And so, the Board denied the request for reconsideration and denied the request to amend the pleadings.

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TTABlogger comment: In a review of a Board decision by way of civil action under Section 1071, the plaintiff may raise new issues and add evidence. What new issue would you raise?

Text Copyright John L. Welch 2024.

Thursday, February 22, 2024

TTABlog Test: Are Nail Polish Strengtheners Related to Dietary Supplements?

The USPTO refused to register the mark TRI-FLEX TECHNOLOGY for "nail care preparations, nail strengtheners, non-medicated nail treatment preparations for cosmetic purposes, nail polish, nail color gels, nail lacquers, none of the foregoing containing collagen" [TECHNOLOGY disclaimed], finding confusion likely with the registered mark shown below, for "dietary supplements for humans containing Types I, II, and III Collagen." Are the marks confusable? Are the goods related? How do you think the appeal came out? In re Wella Operations US, LLC, Serial No. 97401927 (February 20, 2024) [not precedential] (Opinion by Judge Albert J. Zervas).

The Marks: The Board found TRI-FLEX to be the dominant element in both marks. The design in the cited mark, having "three sections of curved, flexible arms," reinforces the term TRI-FLEX. [Flexible? - ed.]. The term COLLAGEN is "generic in the context of the goods," and so it "plays a much lesser role than TRI-FLEX in the mark’s commercial impression." The Board therefore found the marks to be similar "in sound, meaning, appearance and commercial impression." [Sound? Appearance? - ed.].

The Goods: The Board focused on "nail care preparations” not containing collagen, in applicant's identification of goods. It observed that "collagen is an important contributor to nail strength; that supplements, including collagen supplements, are taken to improve nail strength." The evidence established that "consumers will consider both Applicant’s and Registrant’s goods when wanting to strengthen fingernails."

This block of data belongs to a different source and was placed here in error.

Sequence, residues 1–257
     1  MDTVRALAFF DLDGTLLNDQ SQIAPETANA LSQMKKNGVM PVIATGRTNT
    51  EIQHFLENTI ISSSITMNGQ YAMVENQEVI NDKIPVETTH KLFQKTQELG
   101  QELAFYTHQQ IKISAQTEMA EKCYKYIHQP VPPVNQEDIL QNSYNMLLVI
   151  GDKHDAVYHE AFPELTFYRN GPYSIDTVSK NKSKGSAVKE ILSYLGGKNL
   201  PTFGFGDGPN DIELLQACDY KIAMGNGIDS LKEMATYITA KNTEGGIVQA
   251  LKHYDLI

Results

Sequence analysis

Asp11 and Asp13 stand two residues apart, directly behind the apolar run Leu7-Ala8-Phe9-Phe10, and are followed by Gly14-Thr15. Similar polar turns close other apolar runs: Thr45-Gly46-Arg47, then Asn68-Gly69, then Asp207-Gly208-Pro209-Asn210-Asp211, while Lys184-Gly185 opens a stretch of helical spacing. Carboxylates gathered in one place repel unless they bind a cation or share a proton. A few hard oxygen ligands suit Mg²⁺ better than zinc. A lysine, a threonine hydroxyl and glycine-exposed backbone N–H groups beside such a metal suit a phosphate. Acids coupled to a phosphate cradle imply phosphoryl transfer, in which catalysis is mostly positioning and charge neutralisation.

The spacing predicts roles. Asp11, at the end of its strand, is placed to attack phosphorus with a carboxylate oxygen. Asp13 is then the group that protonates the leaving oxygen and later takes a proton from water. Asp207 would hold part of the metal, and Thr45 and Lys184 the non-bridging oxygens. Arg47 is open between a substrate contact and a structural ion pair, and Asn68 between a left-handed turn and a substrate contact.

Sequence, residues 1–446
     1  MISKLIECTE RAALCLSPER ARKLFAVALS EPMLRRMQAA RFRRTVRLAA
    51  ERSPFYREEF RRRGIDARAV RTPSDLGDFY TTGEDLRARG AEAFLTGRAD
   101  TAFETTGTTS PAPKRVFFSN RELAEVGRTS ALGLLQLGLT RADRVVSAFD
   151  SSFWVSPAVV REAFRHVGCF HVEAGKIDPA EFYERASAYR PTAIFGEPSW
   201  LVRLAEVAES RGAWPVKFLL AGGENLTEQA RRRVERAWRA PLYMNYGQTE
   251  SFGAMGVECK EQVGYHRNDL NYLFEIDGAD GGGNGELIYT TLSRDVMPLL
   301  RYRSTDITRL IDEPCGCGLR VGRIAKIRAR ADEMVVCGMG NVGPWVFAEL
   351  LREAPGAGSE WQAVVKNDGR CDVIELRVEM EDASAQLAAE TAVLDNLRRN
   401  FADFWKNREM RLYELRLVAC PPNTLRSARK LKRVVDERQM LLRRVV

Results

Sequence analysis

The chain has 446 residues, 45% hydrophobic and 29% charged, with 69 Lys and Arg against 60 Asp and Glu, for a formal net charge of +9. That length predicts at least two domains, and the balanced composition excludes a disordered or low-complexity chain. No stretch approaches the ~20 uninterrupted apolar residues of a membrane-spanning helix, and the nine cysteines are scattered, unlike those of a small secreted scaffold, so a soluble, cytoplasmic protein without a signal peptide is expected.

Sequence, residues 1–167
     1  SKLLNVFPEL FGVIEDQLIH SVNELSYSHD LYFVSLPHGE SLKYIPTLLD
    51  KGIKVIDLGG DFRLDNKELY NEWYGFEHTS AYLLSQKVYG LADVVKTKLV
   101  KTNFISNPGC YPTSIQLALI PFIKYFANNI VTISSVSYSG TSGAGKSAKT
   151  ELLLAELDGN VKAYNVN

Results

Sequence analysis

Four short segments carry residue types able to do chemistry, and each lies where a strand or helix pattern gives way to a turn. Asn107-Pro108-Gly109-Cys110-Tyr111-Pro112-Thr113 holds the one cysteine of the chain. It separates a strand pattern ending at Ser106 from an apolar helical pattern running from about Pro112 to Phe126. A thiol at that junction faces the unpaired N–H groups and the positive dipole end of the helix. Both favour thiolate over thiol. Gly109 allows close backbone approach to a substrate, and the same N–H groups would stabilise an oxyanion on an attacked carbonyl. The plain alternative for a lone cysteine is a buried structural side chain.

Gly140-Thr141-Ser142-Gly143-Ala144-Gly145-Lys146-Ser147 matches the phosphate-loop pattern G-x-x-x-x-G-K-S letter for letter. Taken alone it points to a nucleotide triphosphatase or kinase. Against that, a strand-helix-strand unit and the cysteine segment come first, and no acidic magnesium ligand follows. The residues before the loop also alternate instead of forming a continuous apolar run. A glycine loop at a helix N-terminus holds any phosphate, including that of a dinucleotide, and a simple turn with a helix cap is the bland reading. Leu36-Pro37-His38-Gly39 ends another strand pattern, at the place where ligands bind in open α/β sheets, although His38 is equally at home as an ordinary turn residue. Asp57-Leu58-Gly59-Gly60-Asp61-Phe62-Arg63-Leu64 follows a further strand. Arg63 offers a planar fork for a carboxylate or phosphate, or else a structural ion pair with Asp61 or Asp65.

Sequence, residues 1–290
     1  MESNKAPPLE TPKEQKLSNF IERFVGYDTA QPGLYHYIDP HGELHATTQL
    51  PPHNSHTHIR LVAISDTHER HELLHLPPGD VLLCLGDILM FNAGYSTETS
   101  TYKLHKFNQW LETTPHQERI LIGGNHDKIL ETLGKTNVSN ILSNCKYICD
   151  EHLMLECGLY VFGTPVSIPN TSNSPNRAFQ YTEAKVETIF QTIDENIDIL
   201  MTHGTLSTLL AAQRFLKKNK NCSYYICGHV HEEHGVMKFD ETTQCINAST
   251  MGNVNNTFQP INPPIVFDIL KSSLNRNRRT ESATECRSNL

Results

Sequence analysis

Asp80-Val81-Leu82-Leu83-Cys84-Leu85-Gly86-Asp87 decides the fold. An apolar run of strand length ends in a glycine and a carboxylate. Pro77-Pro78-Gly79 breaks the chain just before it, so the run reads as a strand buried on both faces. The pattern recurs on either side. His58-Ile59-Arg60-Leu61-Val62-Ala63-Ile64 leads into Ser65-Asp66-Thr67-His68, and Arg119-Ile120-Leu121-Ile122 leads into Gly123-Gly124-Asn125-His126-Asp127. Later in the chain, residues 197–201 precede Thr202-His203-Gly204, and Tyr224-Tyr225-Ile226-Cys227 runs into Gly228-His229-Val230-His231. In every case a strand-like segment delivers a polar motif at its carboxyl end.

Moreover, third-party websites showed that "the same entity provides nail care products and treatments and collagen supplements and markets these goods under the same mark." The evidence convinced the Board that the goods are related.

As to channels of trade, the Board found persuasive "the FlexiNail webpage offering the involved goods as part of a single package on one webpage, and the Beauty Pie website offering such goods on the same website under the same Beauty Pie brand."

From the identifications and from the Examining Attorney’s website evidence, we find that purchasers of Applicant’s and Registrant’s identified goods, i.e., members of the general consuming public who desire stronger nails, overlap.

Conclusion: The Board concluded that confusion is likely, and so it affirmed the refusal to register.

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TTABlogger comment: What do you think? I am unconvinced.

Text Copyright John L. Welch 2024.

Wednesday, February 21, 2024

TTABlog Test: How Did These Three Recent 2(d) Appeals Turn Out?

People are saying that one can predict the outcome of a Section 2(d) appeal about 95 percent of the time just by looking at the marks and the goods and/or services. Here are the three Section 2(d) appeals recently decided by the TTAB. How do you think these three came out? [Answers in first comment.]